Delta Smelt and Salmon Habitats Beyond the Estuary

TitleDelta Smelt and Salmon Habitats Beyond the Estuary
Publication TypePresentation
Year of Publication2018
AuthorsO'Rear, T.
Secondary AuthorsMoyle, P. B., & Durand J.
Keywordsreservoirs; delta smelt; salmon; wakasagi; reconciliation ecology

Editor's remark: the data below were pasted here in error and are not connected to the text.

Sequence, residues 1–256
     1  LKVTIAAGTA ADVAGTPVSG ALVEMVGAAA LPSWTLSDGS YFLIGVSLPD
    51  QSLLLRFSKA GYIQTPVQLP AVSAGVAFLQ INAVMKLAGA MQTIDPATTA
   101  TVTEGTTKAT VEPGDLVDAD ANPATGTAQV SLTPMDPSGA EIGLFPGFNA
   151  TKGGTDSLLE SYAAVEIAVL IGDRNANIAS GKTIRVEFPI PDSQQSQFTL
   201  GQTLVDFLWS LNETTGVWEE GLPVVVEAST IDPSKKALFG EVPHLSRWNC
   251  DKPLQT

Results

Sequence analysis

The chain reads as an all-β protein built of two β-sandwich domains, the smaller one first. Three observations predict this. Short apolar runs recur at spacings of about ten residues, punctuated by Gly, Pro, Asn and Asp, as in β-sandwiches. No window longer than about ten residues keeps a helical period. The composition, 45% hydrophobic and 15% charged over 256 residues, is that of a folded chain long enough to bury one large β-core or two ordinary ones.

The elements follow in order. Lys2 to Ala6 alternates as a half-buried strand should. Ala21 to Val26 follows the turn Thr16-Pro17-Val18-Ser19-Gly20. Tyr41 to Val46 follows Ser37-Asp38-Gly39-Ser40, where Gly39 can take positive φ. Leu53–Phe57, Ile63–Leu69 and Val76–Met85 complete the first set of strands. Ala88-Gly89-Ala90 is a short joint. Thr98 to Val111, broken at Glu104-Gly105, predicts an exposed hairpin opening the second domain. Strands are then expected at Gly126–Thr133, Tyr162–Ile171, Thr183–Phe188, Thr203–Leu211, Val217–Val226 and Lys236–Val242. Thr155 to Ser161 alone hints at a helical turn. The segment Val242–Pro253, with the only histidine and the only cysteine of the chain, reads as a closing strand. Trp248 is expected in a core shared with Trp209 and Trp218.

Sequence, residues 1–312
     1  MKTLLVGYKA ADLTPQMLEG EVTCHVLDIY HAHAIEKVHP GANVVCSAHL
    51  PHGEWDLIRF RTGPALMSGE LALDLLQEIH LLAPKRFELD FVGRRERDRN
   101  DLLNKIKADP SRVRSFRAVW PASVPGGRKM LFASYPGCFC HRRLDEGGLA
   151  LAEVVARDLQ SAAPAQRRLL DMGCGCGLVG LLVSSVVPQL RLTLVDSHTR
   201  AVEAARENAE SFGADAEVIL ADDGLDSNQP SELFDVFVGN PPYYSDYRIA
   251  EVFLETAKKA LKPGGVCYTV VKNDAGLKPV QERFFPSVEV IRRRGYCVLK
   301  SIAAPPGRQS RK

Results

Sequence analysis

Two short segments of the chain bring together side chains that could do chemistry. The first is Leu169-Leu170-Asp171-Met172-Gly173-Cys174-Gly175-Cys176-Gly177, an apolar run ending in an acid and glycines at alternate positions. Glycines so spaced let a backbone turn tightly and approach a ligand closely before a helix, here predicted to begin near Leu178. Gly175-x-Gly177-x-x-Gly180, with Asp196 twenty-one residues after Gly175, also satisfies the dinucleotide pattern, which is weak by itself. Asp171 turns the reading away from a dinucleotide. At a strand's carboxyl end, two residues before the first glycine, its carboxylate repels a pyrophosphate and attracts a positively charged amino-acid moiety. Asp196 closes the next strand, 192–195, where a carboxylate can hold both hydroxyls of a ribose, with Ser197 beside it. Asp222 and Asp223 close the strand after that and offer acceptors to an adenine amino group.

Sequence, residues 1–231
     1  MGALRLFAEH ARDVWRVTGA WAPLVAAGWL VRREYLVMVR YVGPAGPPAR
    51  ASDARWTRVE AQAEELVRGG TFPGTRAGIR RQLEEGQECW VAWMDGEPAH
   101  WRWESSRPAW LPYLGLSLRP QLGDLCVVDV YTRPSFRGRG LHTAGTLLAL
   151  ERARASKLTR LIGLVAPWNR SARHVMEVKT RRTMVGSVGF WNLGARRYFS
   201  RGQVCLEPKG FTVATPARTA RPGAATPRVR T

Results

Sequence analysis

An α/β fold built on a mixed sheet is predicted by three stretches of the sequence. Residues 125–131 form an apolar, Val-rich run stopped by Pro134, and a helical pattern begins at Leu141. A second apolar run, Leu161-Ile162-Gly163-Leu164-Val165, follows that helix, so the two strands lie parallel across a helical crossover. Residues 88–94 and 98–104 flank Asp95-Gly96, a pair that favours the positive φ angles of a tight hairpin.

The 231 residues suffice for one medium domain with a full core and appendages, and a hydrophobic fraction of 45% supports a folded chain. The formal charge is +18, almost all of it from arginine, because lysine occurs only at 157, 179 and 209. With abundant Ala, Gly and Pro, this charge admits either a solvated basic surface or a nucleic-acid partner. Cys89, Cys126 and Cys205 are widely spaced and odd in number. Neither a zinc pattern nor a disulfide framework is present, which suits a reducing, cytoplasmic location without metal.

AbstractThe San Francisco Estuary’s salmon and smelt are going extinct, with climate change and non-native species increasingly limiting opportunities for classic restoration schemes. Reconciliation ecology – supporting native species within human-dominated landscapes – has benefitted declining native species beyond that envisioned by classic restoration. However, application of reconciliation ecology in the watershed has been limited to the estuary and flood bypasses despite potential of other habitats. For example, Sacramento perch would be extinct had they not been planted into reservoirs. Reservoirs hold promise for smelt and salmon, too. First, presence of kokanee and wakasagi suggest plenty of both cool water and zooplankters. Second, self-sustaining landlocked Chinook salmon populations intimate that endangered runs could complete their life histories without trap-and-haul in reservoirs. Third, populations closest to wild, native Central Valley steelhead are above the dams. Fourth, presence of at-risk Delta fishes in State Water Project (SWP) reservoirs indicates the chance that smelt may be present, too. To minimize extinction probability of these unique species, I recommend (1) stocking delta smelt into reservoirs either containing kokanee or having similar features to wakasagi reservoirs; (2) designating key reservoirs for native salmonid conservation; and (3) instituting a standardized monitoring program in SWP reservoirs.